Sustain Our Nation's Forests and Grasslands

Beyond Property Lines: A look at the importance of sustaining family forests

NORTH CAROLINA – Family forests have an enormous capacity to provide ecosystem services such as clean air and water, timber and non-timber forest products, wildlife habitat, scenic beauty and recreation.

According to USDA Forest Service research, sustaining these services depends on not only the condition of individual family forests but also the characteristics of bordering lands. “If the expansion of an urban area results in the loss of forest or if forest land is converted to farm land, an adjacent family forest’s ability to sustain ecosystem services is threatened,” says Kurt Riitters, research ecologist with the Eastern Forest Environmental Threat Assessment Center and the lead author of a study published in the journal Landscape and Urban Planning.

Riitters and co-author Jennifer Costanza, a North Carolina State University landscape ecologist and Center cooperator, assessed the threats to family forests by measuring changes in the landscape around them over a 10-year period.

They focused on changes in interior forest (unfragmented areas that maintain critical habitat and ecological functions) and human interface zones — areas bordering family forests that comprise urban development and agricultural operations.

The researchers consulted 2005 data from the Forest Inventory and Analysis program. For more than 132,000 FIA data collection plots, they categorized lands as family forests, non-family forests and public forests.

According to the 2005 FIA data, family forests covered 43 percent of total U.S. forest area, with more family forest area concentrated in the East. The researchers examined the patterns of areas around family forests.

By 2011, 46 percent of family forest land area was in a human interface zone, an increase of 1.5 percent since 2001. In comparison, 19 percent of non-family forest area and six percent of public forest area was in a human interface zone. Thirty-three percent of family forest area was in an agricultural interface, a zone that has been linked to ignition of wildland fires.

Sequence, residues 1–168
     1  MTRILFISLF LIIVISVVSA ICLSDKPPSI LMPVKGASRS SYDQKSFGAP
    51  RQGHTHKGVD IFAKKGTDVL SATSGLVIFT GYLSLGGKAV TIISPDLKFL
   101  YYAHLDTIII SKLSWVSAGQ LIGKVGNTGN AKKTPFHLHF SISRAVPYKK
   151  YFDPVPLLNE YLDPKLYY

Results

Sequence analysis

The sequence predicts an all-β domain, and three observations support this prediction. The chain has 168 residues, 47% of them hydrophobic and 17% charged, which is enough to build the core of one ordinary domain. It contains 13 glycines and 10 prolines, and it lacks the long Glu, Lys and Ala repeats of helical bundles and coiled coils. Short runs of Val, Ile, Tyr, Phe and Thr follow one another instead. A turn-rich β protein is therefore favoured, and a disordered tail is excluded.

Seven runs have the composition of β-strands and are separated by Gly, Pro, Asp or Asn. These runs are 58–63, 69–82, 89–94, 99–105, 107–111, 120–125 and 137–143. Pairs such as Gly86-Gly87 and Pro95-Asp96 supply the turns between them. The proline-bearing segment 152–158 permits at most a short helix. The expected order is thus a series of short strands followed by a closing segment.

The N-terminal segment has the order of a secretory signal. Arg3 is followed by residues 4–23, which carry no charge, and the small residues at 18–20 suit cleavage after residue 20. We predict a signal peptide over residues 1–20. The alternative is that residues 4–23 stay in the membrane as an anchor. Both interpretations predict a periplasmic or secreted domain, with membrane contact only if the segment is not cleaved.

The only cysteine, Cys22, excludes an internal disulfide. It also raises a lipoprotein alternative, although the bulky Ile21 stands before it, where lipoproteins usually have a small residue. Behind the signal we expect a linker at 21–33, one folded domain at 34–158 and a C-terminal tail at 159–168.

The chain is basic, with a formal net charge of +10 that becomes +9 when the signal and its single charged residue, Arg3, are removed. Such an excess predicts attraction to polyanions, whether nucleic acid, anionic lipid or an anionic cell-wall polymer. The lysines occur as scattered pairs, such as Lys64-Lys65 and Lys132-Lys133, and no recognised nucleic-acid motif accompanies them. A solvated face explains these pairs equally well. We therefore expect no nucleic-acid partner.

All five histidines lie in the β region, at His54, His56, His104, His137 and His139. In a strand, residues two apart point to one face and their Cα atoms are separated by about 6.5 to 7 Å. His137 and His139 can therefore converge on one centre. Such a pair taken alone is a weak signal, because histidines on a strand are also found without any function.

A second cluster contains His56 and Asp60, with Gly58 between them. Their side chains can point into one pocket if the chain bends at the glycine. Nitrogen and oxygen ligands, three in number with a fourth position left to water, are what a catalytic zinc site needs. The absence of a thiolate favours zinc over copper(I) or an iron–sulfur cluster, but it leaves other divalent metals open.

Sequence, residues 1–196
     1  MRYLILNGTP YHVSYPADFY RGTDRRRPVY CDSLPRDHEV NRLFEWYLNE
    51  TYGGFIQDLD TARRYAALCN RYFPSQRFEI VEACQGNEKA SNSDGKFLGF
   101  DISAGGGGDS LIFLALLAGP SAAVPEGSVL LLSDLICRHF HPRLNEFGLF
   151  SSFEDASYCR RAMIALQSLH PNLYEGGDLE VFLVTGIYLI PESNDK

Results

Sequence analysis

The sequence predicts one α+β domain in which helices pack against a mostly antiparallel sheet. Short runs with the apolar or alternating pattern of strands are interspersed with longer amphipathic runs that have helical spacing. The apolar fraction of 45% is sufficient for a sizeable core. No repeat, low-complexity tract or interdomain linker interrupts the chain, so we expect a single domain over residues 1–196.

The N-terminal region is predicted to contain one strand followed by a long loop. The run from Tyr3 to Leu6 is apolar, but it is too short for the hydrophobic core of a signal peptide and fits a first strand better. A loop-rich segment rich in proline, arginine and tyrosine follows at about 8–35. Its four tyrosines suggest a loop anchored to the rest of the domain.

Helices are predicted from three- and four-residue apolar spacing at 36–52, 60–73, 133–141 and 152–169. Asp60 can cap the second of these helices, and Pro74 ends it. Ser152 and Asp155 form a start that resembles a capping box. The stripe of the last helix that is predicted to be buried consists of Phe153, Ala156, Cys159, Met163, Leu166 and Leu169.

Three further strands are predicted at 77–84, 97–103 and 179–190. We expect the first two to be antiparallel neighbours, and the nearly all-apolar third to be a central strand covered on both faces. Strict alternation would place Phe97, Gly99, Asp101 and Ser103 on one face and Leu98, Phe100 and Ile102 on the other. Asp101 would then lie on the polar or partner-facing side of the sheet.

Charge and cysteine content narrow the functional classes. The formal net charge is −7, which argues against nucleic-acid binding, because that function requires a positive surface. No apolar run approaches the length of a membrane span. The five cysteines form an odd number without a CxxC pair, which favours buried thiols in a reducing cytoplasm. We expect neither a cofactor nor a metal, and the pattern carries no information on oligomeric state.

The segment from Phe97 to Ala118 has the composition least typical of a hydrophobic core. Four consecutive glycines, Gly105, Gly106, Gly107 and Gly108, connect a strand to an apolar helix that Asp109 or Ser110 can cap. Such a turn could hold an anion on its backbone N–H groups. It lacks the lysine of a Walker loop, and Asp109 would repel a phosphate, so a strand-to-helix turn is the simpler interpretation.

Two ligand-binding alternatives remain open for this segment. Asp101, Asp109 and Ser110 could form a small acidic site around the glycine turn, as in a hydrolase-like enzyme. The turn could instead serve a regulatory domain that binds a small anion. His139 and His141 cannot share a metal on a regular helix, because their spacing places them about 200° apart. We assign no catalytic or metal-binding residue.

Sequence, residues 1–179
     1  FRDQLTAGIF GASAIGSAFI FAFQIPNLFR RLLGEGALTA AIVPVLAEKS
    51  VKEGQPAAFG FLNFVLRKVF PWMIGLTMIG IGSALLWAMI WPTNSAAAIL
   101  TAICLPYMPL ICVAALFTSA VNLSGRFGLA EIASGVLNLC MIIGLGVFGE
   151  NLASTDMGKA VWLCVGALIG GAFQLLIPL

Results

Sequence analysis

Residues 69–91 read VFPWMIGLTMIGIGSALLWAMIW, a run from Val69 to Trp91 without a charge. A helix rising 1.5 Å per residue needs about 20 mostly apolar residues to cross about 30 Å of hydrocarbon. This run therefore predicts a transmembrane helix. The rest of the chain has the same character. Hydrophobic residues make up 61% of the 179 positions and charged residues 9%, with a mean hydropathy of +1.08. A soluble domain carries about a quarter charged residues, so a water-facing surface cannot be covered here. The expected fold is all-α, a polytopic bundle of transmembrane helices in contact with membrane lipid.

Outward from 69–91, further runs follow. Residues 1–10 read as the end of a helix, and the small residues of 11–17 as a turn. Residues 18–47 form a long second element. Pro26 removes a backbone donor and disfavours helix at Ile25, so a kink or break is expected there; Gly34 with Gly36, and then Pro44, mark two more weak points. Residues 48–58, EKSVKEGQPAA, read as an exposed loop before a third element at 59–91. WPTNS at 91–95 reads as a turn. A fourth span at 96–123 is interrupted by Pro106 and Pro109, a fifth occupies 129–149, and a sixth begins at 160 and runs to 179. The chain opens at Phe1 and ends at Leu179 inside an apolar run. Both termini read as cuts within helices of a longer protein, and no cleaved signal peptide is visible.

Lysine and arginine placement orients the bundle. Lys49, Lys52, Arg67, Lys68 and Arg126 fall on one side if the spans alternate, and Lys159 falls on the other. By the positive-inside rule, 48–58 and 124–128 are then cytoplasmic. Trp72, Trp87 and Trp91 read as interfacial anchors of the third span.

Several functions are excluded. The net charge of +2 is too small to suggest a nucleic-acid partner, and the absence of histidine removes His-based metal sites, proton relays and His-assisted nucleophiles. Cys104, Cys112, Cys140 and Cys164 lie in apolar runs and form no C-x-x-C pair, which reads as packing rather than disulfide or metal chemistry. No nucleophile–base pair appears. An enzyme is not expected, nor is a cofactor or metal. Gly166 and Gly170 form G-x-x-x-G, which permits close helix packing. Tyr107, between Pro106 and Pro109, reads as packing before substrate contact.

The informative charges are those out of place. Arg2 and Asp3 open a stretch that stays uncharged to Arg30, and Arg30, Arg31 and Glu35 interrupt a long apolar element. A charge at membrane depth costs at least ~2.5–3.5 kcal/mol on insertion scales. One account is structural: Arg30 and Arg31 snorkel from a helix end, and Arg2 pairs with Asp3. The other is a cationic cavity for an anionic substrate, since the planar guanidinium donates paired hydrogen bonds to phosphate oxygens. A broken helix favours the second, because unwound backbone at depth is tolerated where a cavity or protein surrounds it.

The study also identified broad areas where conservation of family forests, and interior forest in particular, could be targeted and leveraged to achieve far-reaching impacts. These areas include the eastern Great Plains steppe and parkland, Midwest broadleaf forest and the California coast, where interior forests are relatively rare, as well as most of the eastern U.S., where family forests dominate the landscape.

Knowledge of landscape patterns is essential when assessing forest sustainability, because patterns create, mediate, facilitate and impede ecosystem services that are essential for maintaining human well-being. This study can be a step toward assessing the sustainability of family forests and the ecosystem services they provide.


When forest is lost due to urban expansion, an adjacent family forest’s ability to sustain ecosystem services is threatened. Photo courtesy of Larry Korhnak, Interface South.